This October 2011 photo provided by Melanie Capobianco shows her adoptive daughter, Veronica, trick-or-treating in Charleston, S.C. The child has been the focus of a custody battle between her adoptive parents and her birth father.
Courtesy of Melanie Capobianco AP

Originally published on Tue April 16, 2013 7:42 pm

Emotions boiled over at the U.S. Supreme Court on Tuesday as the justices heard arguments in a case testing the meaning and reach of the Indian Child Welfare Act, known as ICWA.

The 1978 law was enacted after Congress found that more than a third of all Native American children were being taken from their families and given to white adoptive and foster parents.

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Shots - Health News
5:42 pm
Thu April 18, 2013

Justices Appear Skeptical Of Patenting Human Genes

Medical geneticist Dr. Harry Ostrer (center) talks to the press outside the U.S. Supreme Court on Monday. The court heard oral arguments on the highly charged question of whether human genes can be patented.
Mladen Antonov AFP/Getty Images

Originally published on Tue April 16, 2013 7:44 am

In a case considered pivotal to the future of science and medicine, the justices of the U.S. Supreme Court seemed skeptical Monday about a claim that human genes can be patented.

Contending that genes can be patented are the biotech and pharmaceutical industries, which see patents as the keys to new scientific exploration. On the other side are doctors, patients and many scientists, who see gene patents as an attempt to monopolize and block future exploration in the new universe of genetics.

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The Two-Way
6:10 pm
Wed April 17, 2013

Supreme Court Backs Warrants For Blood Tests In DUI Cases

Originally published on Wed April 17, 2013 7:10 pm

The U.S. Supreme Court has ruled that police must generally obtain a warrant before subjecting a drunken-driving suspect to a blood test. The vote was 8-to-1, with Justice Clarence Thomas the lone dissenter.

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Law
2:52 am
Tue April 16, 2013

Adoption Case Brings Rare Family Law Dispute To High Court

This October 2011 photo provided by Melanie Capobianco shows her adoptive daughter, Veronica, trick-or-treating in Charleston, S.C. The child has been the focus of a custody battle between her adoptive parents and her birth father.
Courtesy of Melanie Capobianco AP

Originally published on Tue April 16, 2013 1:04 pm

Take the usual agony of an adoption dispute. Add in the disgraceful U.S. history of ripping Indian children from their Native American families. Mix in a dose of initial fatherly abandonment. And there you have it — a poisonous and painful legal cocktail that goes before the U.S. Supreme Court on Tuesday.

At issue is the reach of the Indian Child Welfare Act, known as ICWA. The law was enacted in 1978 to protect Native American tribes from having their children almost literally stolen away and given to non-Indian adoptive or foster parents.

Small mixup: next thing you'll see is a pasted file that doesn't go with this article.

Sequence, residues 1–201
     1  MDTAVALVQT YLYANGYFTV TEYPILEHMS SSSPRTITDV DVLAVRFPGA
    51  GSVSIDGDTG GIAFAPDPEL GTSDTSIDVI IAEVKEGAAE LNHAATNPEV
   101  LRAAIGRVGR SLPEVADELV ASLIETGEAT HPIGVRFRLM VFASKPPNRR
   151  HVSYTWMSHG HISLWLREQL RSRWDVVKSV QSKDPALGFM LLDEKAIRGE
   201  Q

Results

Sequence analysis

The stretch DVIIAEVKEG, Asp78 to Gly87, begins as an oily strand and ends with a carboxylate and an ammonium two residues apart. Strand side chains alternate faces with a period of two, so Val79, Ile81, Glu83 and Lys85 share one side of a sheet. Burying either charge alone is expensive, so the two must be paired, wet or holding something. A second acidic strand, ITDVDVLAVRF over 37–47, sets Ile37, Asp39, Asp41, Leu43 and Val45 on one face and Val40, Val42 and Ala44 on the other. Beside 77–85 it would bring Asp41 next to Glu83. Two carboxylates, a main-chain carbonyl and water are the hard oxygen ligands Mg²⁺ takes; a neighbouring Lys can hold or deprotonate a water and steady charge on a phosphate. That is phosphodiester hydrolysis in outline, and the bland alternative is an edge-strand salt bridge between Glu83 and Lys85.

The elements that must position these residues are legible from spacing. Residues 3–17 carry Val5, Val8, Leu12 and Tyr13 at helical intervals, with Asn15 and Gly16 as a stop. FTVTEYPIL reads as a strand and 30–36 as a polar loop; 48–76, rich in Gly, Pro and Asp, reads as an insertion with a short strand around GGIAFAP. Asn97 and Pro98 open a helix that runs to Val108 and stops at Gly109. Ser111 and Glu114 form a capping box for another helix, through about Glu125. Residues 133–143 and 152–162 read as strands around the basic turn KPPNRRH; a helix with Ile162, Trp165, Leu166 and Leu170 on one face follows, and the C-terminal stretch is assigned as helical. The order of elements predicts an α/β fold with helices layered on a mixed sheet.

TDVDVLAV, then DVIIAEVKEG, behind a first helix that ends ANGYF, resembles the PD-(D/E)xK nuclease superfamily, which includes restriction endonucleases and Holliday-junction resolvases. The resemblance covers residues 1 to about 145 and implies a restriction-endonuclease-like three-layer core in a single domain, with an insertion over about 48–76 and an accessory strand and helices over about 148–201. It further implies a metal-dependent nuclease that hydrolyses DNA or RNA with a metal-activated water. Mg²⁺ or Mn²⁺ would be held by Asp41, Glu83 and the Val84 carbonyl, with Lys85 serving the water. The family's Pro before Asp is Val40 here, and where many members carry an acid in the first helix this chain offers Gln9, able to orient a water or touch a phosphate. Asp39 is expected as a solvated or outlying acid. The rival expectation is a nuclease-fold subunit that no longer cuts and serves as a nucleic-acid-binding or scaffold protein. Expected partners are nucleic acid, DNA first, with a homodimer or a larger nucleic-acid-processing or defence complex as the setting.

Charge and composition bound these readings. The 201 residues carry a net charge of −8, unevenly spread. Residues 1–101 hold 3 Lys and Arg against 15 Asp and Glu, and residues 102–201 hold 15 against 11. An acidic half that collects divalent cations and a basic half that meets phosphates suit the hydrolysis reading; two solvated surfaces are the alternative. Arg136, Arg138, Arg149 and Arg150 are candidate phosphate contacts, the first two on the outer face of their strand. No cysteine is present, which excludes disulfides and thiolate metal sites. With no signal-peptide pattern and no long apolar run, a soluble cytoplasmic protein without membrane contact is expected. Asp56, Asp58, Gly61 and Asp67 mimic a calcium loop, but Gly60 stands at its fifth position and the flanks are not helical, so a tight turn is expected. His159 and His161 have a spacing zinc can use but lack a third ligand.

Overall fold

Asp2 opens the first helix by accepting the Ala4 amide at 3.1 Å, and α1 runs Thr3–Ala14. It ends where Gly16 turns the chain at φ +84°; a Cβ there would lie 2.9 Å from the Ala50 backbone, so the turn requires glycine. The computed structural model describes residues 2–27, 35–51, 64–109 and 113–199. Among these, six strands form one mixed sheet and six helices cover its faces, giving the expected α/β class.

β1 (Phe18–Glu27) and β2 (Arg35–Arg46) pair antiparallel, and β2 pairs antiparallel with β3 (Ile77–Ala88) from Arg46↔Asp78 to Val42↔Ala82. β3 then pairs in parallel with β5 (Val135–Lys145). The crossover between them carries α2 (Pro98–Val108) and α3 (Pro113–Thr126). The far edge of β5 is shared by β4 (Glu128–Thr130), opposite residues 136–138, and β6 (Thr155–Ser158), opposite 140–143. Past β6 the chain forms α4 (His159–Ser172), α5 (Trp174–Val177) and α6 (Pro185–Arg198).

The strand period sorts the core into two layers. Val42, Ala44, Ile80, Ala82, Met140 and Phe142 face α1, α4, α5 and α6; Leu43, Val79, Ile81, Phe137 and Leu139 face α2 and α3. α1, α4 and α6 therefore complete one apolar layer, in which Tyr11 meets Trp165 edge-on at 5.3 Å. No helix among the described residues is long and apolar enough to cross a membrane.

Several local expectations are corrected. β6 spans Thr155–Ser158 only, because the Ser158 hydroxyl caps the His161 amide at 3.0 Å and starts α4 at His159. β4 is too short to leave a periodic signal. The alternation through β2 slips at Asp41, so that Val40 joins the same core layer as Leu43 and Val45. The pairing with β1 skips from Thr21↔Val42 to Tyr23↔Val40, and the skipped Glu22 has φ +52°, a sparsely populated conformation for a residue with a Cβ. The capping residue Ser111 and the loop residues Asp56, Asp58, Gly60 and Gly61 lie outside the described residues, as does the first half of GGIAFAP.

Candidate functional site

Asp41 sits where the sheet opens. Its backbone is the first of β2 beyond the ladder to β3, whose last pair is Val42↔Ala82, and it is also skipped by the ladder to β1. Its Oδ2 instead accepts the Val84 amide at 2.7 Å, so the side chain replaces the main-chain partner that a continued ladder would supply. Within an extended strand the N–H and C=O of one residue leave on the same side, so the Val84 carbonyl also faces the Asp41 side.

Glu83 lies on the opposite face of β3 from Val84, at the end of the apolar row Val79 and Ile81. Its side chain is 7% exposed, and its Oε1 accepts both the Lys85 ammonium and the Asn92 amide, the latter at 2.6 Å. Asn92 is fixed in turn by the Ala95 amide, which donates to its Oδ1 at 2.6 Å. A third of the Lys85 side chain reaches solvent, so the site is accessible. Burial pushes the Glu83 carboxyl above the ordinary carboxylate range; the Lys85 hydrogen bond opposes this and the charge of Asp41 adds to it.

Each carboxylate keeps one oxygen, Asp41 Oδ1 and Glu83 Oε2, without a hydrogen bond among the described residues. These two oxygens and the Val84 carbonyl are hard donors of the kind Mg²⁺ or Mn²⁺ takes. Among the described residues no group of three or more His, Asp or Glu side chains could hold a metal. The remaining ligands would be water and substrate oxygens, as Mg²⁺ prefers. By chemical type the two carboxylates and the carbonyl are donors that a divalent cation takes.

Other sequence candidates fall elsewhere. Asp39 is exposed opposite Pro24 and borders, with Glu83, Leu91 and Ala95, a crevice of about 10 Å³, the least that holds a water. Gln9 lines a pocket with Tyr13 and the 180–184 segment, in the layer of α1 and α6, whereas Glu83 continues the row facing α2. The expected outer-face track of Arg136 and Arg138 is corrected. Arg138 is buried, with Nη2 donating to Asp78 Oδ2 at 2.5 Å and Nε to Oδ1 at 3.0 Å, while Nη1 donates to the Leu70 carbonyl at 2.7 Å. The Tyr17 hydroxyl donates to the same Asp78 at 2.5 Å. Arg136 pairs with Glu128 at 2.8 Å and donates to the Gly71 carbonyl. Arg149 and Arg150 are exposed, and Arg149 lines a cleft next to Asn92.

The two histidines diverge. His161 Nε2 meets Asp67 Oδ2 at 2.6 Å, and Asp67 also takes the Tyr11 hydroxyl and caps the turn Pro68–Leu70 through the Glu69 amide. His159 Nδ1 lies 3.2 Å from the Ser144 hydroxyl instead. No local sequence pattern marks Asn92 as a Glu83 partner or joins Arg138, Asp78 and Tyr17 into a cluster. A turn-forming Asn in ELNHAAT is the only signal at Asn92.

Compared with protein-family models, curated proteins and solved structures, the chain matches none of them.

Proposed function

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Shots - Health News
2:01 am
Mon April 15, 2013

Supreme Court Asks: Can Human Genes Be Patented?

Artist's representation of DNA.
iStockphoto.com

Originally published on Tue April 16, 2013 7:45 am

Same-sex marriage got huge headlines at the Supreme Court last month, but in the world of science and medicine, the case being argued on Monday is far more important. The lawsuit deals with a truly 21st century issue — whether human genes may be patented.

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The Two-Way
5:52 pm
Thu March 28, 2013

Supreme Court Notes: Bugs, Pumps And Stolen Credit Card Numbers

Same-sex marriage supporters demonstrate in front of the Supreme Court on Wednesday in Washington, D.C.
Jewel Samad AFP/Getty Images

NPR's Legal Affairs Correspondent Nina Totenberg sends us some odds and ends from a very momentous week in the Supreme Court.

Hear all that sneezing, wheezing, coughing, and nose blowing during this week's same-sex oral arguments at the U.S. Supreme Court?

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Same-Sex Marriage And The Supreme Court
6:43 pm
Wed March 27, 2013

Justices Cast Doubt On Federal Defense Of Marriage Act

This artist rendering shows Paul Clement (second from left) with Solicitor General Donald B. Verrilli Jr. (seated, right), addressing the Supreme Court on Wednesday. Justices pictured are (from left) Sonia Sotomayor, Stephen Breyer, Clarence Thomas, Antonin Scalia, Chief Justice John Roberts, Anthony Kennedy, Ruth Bader Ginsburg, Samuel Alito and Elena Kagan.
Dana Verkouteren AP

Originally published on Thu March 28, 2013 7:51 am

In the wake of the Supreme Court arguments Wednesday on the Defense of Marriage Act, same-sex marriage supporters have reason to be optimistic. Known as DOMA, the law bars federal benefits for legally married same-sex couples, even though those same benefits are automatically given to heterosexual married couples.